Materials And Energy Dashboard – Update

Via SeekingAlpha.com

This article series provides a monthly dashboard of industries classified by sectors. It compares valuation and quality factors relative to their historical averages in each industry.

Executive summary

After being hit by two black swans, COVID-19 and an oil price war, WTI crude oil has switched to rally mode a month ago. The energy sector (XLE) is now 68% above the low of March, but still 39% below the 52-week high and about 61% below the high of 2014. Fundamental data embed a lot of uncertainty in most companies, even more in energy. Valuation ratios in the energy sector are apparently very attractive, but profitability is far below the historical baseline. Metals/mining are fairly priced and profitability is also far below the baseline. Combining valuation and profitability, chemicals and construction materials seem to be the most attractive industries in this review. However, the Chemical Activity Barometer is bearish.

Since last month:

  • P/E has improved in energy equipment/services and deteriorated elsewhere.
  • P/S has improved in construction materials and deteriorated elsewhere.
  • P/FCF has improved in energy equipment/services and deteriorated elsewhere.
  • The SPDR Select Sector ETF in energy (XLE) and materials (XLB) have outperformed the SPDR S&P 500 ETF by about 9% and 3%.
  • The five S&P 500 stocks in energy and materials with the best momentum in 1 month are Halliburton Co. (HAL), Marathon Petroleum Corp. (MPC), Noble Energy Inc. (NBL), Phillips 66 (PSX), Valero Energy Corp. (VLO).

Some cheap stocks in their industries

The stocks listed below are in the S&P 1500 index, cheaper than their respective industry factor for price/earnings (excluding extraordinary items), price/sales and price/free cash flow. The 10 companies with the highest return on equity are kept in the final selection. The list was published for subscribers at the beginning of the month based on data available at this time. This is not investment advice. Do your own research before buying.

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CEIX

CONSOL Energy Inc.

OILGASFUEL

DNR

Denbury Resources Inc.

OILGASFUEL

KOP

Koppers Holdings Inc.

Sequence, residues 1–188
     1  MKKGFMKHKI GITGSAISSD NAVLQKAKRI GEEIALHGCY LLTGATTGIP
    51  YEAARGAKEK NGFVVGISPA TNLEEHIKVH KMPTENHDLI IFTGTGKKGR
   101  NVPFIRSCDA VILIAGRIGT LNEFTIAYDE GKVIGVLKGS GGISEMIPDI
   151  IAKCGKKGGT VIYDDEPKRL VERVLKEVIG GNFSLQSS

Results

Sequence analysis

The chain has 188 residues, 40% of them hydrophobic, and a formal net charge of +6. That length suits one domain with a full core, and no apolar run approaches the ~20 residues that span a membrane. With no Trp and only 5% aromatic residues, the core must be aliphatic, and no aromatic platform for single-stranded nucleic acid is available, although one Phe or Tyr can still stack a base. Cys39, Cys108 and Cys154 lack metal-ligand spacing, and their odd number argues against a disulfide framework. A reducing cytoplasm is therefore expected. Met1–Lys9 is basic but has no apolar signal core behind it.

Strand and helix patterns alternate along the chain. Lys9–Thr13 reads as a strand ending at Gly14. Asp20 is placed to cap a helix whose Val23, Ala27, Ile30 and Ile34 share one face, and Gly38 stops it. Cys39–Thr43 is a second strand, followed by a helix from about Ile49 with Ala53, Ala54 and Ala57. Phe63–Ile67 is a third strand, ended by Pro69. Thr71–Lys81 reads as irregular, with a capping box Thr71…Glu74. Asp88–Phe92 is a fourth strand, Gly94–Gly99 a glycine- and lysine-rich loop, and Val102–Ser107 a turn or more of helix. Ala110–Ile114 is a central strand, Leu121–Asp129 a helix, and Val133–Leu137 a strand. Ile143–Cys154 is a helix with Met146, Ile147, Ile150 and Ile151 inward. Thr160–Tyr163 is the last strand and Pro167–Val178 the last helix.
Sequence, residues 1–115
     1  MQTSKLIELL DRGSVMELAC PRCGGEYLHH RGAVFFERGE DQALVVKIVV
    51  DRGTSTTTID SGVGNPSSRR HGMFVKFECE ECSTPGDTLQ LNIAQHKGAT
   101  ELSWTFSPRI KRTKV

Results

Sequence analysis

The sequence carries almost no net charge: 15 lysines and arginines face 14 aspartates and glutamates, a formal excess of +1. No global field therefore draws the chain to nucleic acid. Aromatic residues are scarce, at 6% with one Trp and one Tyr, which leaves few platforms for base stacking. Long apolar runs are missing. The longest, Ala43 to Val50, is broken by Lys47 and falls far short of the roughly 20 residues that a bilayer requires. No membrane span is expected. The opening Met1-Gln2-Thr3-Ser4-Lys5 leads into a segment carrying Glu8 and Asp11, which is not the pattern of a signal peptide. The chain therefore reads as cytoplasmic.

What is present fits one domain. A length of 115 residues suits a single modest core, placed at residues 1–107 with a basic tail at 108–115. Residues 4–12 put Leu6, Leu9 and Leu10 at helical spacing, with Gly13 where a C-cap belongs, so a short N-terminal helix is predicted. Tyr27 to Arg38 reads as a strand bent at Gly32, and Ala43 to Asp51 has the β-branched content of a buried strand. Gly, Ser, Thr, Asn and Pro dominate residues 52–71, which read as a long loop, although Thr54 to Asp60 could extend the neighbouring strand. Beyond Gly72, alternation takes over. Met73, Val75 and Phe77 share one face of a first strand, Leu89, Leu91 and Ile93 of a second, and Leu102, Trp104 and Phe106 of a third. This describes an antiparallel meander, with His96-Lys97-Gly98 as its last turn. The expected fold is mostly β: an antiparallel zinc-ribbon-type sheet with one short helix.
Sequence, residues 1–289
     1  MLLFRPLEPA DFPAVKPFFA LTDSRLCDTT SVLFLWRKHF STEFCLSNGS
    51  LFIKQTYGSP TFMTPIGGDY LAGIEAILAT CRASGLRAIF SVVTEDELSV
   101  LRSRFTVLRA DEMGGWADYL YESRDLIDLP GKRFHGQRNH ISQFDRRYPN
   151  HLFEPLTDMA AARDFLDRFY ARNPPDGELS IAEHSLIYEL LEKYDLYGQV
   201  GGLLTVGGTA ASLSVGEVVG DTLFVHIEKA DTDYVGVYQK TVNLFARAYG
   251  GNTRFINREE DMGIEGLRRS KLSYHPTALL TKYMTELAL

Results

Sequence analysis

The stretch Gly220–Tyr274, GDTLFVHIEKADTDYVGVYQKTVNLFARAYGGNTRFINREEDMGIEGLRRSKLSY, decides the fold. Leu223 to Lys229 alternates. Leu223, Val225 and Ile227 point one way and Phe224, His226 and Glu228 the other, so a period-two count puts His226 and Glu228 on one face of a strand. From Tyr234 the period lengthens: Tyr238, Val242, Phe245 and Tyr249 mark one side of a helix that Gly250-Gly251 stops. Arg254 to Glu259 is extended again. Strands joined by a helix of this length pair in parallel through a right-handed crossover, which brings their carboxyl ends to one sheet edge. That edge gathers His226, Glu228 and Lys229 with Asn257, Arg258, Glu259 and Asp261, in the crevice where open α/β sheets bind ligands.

CHEM

KRA

Kraton Corp.

CHEM

TG

Tredegar Corp.

CHEM

CMC

Commercial Metals Co.

METAL

HCC

Warrior Met Coal Inc.

METAL

STLD

Steel Dynamics Inc.

METAL

GEF

Greif Inc.

PACKAGING

IP

International Paper Co.

PACKAGING

Detail of valuation and quality indicators in energy and materials on 5/26/2020

I take 4 aggregate industry factors: price/earnings (P/E), price to sales (P/S), price to free cash flow (P/FCF), return on equity (ROE). My choice has been justified here and here. Their calculation aims at limiting the influence of outliers and large caps. They are reference values for stock picking, not for capital-weighted indices.

For each factor, I calculate the difference with its own historical average: to the average for valuation ratios, from the average for ROE, so that the higher is always the better. The difference is measured in percentage for valuation ratios, not for ROE (already in percentage).

The next table reports the 4 industry factors. There are 3 columns for each factor: the current value, the average (“Avg”) between January 1999 and October 2015 taken as an arbitrary reference of fair valuation, and the difference explained above (“D-xxx”).

P/E

Avg

D- P/E

P/S

Avg

D- P/S

P/FCF

Avg

D- P/FCF

ROE

Avg

D-ROE

Equip./Sces

10.60

24.2

56.18%

0.27

1.73

84.62%

6.95

35.34

80.34%

-12.98

7.34

-21.49

Oil/Gas

9.23

18.53

50.20%

0.91

3.35

72.91%

12.56

29.03

56.75%

-1.45

4.47

-9.67

Chemicals

19.28

18.48

-4.34%

1.15

1.21

5.26%

20.33

25.37

19.87%

3.98

6.74

3.01

Construction Materials

21.95

21.44

-2.37%

1.28

1.16

-10.15%

16.82

40.5

58.48%

5.75

5.77

6.05

Packaging

17.01

17.96

5.29%

0.94

0.61

-54.67%

21.77

20.09

-8.36%

14.18

8.34

15.93

Metals/Mining

20.64

19.83

-4.06%

2.58

2.65

2.58%

22.76

25.53

10.87%

-19.59

-8.6

-20.25

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The following charts give an idea of the current status of 3 valuation factors (P/E, P/S, P/FCF) and a quality factor (ROE) relative to their historical average in each industry. For all factors, the difference to average is calculated in the direction where positive is good. For valuation ratios, lower is better. For ROE, higher is better. On the charts below, higher is always better.

Price/Earnings relative to historical average:

Price/sales relative to historical average:

Price/free cash flow relative to historical average:

ROE relative to historical average:

Momentum

The next chart compares the price action of XLB and XLE with the benchmark in 1 month.

Chart by TradingView

Disclosure: I/we have no positions in any stocks mentioned, and no plans to initiate any positions within the next 72 hours. I wrote this article myself, and it expresses my own opinions. I am not receiving compensation for it (other than from Seeking Alpha). I have no business relationship with any company whose stock is mentioned in this article.